United Airlines tells pilots it may retire all of its Boeing 747s by 2018

United may accelerate retirement of its Boeing 747s. Photo: United Airlines. 

United may accelerate retirement of its Boeing 747s. Photo: United Airlines. 

Want to fly on a United Airlines Boeing 747? You better hurry. 

United told pilots on Friday that it may retire all of its 747s faster than expected, with the last one leaving the fleet as soon as 2018. In the past, executives suggested the 747s could stay at United into 2020, or even later. 

"We are contemplating an accelerated retirement plan for the 747s," Howard Attarian, United's senior vice president for flight operations, said in a message to pilots. "If we do decide to head in this direction, we plan to accelerate widebody deliveries to replace this capacity,"

The planes aren't as old as you might think - many were delivered to United in the late 1990s - but maintenence costs are expensive, the airline says. That's in part because fewer airlines fly the 747 now, with many preferring cheaper-to-operate twin-engine aircraft.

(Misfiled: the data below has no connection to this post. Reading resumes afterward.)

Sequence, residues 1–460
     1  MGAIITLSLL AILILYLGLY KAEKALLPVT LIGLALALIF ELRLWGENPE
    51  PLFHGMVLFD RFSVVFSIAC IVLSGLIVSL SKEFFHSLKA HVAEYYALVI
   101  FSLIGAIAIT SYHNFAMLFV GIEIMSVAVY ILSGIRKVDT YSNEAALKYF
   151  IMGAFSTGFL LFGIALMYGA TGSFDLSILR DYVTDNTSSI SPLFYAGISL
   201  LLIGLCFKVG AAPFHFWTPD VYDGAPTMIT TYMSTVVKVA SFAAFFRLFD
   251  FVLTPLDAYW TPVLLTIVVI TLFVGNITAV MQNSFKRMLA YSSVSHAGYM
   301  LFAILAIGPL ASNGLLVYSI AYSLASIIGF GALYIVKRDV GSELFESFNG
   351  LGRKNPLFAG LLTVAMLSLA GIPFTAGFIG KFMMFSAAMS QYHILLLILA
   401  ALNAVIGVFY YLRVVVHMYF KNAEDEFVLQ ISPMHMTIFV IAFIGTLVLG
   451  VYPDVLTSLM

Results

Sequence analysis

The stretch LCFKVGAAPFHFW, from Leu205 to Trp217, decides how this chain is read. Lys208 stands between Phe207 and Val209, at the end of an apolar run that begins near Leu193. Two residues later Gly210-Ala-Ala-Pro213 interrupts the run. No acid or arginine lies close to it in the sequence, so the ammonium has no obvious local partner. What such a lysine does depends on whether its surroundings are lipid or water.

"This is an aging fleet that many operators are beginning to exit from service and as this happens, support for the aircraft, especially in our spokes, gets more difficult," United said in separate message. A 'Spoke,' is an airport not considered a hub, like Shanghai or Beijing. 

According to its fleet plan released in January, United had 22 747s at the end of 2015. Under that plan, the airline expects to retire two this year.

For now, United flies 747s from San Francisco and Chicago. But this week, United also told pilots it will remove the 747 from Chicago in February 2017, leaving only San Francisco with 747 service.

United last addressed the 747 in detail on its April 2015 earnings call. At the time, former CFO John Rainey said the carrier could hold onto the 747s for a long time, according to the SeekingAlpha.com transcript. 

The 747 is something that we do intend to keep for a few more years we have a couple coming out of our fleet in the near future but some of these we’ve made some improvements to the operating reliability of the aircraft and we could expect to keep them for another few years.

They have another sort of big maintenance events in the 2020 time frame that that will be another decision point for us whether we want to extend them further at that point or go ahead and retire them.


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